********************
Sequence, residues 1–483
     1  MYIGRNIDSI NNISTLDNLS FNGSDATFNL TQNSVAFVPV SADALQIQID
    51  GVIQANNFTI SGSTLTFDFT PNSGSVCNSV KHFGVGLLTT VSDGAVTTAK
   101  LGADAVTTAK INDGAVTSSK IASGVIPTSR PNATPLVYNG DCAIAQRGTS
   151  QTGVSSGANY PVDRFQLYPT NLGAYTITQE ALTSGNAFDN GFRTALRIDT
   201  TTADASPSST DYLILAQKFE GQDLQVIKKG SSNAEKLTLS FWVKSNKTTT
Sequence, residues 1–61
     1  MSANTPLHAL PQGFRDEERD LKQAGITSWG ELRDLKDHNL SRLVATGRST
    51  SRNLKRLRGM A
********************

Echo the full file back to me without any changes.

Sequence, residues 1–483
     1  MYIGRNIDSI NNISTLDNLS FNGSDATFNL TQNSVAFVPV SADALQIQID
    51  GVIQANNFTI SGSTLTFDFT PNSGSVCNSV KHFGVGLLTT VSDGAVTTAK
   101  LGADAVTTAK INDGAVTSSK IASGVIPTSR PNATPLVYNG DCAIAQRGTS
   151  QTGVSSGANY PVDRFQLYPT NLGAYTITQE ALTSGNAFDN GFRTALRIDT
   201  TTADASPSST DYLILAQKFE GQDLQVIKKG SSNAEKLTLS FWVKSNKTTT
Sequence, residues 1–61
     1  MSANTPLHAL PQGFRDEERD LKQAGITSWG ELRDLKDHNL SRLVATGRST
    51  SRNLKRLRGM A